I am talking on the phone with my sister, and I offhandedly make one of my jokes saying;
“You guys should run a 5k and then get married”
“That’s a great idea. Will you be the race director?”
This is how it all got started. My athletic sister (sport of choice: bicycling) was making plans for her marriage to her cool athletic partner, Steve (Sport of choice: also bicycling, but I wouldn’t put it past either one of them to do distance magma sprints because they are both athletically insane). I heard they had tossed around getting married at the top of a mountain after a hard bike ride, but they realized the less athletic of relatives would opt out knowing they would be heaving a lung up somewhere at the base of the mountain.
I would like to note that heaving a lung does require more athletic prowess than one might think.
Katie and Steve opted for the more traditional marriage, to the great relief to all the relatives who value both their lungs. They put me in charge of organizing “The Bride’s 5k” the morning after the wedding ceremony. We decided on making it a fun run to include the widest range of people. I used mapmyrun.com (BTW I loathe this site. If any of you know of any better route mapping sites I am excited to hear about them) to recon a couple of options. Katie decided she wanted to keep the course in beautiful historic downtown Guilford CT (Here’s the route). I did use Mapmyrun.com to print up an Acrobat file of the race and it had most of the elements that I needed, but I wound up editing it and recompiling in Word.
The wedding went off well, and all who attended were showered by the love of the newlyweds. That is a story for another blog.
I went to bed feeling a new kind of apprehension. This wasn’t just prerace day running jitters, this was a new animal. Holy crap! I am responsible for the entire event and I hardly did anything. I kept having to remind myself this is a simple, no frills, fun event that was supposed to be fun for all because we are going to have fun. I just wanted it to be smooth and fun. Did I mention that it was a fun run?
Being responsible, I wanted to show up two hours early for the event, which had my family rolling their eyes. They whittled my arrival down to 30 minutes before the event. I woke up fairly calm and worked myself into a nihilistic beastly mood.
You people appreciate nothing! I am responsible for this thing! Don’t you know what it means to get ready to go? Why is the TV on?!?
The fam was not amused. Nor were they willing to take on the pretension and self importance that went with being the race director of a fun run. We piled into the car and arrived 20 minutes prior to race start…no-one was there. More eye rolling from the minions. Water! I didn’t think to get five cases of water for the five people that would be running. I was quickly imploding. People were going to show up and find me rocking fetal under the civil war monument.
People started to show up. What I thought would be a half dozen turned out to be about three times that. They all looked excited to take part. We had people both running and walking. My spirits started to rise. I handed out maps/course descriptions. Last to show were the Bride and Groom. Katie was wearing her veil and carrying her pretend flowers from the rehearsal and Steve was toting a flat of water (my heart danced).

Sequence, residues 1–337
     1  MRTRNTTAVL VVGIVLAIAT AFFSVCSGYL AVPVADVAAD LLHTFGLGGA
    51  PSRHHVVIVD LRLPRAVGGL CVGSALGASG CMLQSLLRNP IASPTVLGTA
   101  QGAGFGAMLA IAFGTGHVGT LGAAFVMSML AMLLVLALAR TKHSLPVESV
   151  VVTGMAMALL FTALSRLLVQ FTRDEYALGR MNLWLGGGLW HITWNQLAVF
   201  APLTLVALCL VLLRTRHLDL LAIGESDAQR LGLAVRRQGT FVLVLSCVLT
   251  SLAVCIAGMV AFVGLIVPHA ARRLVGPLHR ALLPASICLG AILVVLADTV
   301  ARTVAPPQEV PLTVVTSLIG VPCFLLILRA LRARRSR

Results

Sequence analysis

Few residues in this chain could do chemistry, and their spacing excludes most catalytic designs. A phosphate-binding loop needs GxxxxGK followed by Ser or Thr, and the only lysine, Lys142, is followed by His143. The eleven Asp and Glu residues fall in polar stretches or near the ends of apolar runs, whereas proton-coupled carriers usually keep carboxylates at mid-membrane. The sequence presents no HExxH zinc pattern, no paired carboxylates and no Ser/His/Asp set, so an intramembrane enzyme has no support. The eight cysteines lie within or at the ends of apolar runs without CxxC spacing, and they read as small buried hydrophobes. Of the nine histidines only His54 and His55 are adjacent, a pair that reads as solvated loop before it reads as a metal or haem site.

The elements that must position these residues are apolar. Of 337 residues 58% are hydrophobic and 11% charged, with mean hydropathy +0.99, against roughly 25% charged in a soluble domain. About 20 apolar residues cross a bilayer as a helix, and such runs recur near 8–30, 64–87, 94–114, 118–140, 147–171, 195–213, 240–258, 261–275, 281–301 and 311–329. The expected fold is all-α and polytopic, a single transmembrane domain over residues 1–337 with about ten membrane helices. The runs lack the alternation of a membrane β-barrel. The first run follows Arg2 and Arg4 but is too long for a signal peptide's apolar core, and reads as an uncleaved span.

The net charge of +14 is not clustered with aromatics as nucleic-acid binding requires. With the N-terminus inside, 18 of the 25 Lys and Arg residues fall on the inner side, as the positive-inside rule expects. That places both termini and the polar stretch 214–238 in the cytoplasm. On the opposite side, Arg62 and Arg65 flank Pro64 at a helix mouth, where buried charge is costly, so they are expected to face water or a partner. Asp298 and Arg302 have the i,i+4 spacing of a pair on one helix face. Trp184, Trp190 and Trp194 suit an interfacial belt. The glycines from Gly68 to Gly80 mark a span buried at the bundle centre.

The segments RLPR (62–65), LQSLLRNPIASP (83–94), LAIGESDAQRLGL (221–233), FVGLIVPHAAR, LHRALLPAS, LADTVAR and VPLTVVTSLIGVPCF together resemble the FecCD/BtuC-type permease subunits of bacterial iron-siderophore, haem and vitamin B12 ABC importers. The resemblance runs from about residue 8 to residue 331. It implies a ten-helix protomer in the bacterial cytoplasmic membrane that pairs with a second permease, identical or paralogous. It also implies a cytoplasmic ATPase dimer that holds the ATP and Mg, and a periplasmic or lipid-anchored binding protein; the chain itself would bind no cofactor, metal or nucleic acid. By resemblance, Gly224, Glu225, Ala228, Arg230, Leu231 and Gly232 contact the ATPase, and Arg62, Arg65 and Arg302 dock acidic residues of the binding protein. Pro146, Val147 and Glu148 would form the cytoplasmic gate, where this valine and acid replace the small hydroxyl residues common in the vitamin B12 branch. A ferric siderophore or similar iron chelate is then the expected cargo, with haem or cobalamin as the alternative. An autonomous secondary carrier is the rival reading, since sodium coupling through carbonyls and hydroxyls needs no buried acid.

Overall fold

We hastened over to the start line and started the race. The best man, who was German in origin, told us to watch his “German Start”. He put himself on the line and did the traditional track sprint start. The go was given. The group started running to the right. The best man ran left. I could tell that we were going to have fun. For the rest of the run, I had fun. I did hang back at a couple of street crossings to ensure the other runners knew where to go and crossed safely, but after a couple of those, I even let go of that and just enjoyed the rest of the run. Even though I was running bare foot, it was like that was a non entity. It’s just the way I run now. I got quite a few double takes and I heard a couple of “Brave Heart” refferences (oh, and my aunt kept comparing me to Jesus), it was a fun adventure. As I did my final push to the finish, I heard one of the runners declare “Great form!”. That comment had me feeling complete.
I received a good number of complements on the race course. The bride and groom looked smashing all weekend, they really know how to celebrate a wedding. Everyone made it across the line ok. My wife added a little distance to her time by making a wrong turn and figuring it out. Lots of little stories that make the sum total of a good organized race, but too many to tell. I could do this again.
I would like to thank those of you who participated. You all made it a good time. I would also like to thank my 11 year old stepdaughter Zoe for starting us out and keeping time for all of us, including writing down everyone’s results. Lastly, thanks to my wife and kids for putting up with my crap that morning. You guys are the best.
The Barefoot Kilt
Just run and enjoy the trip.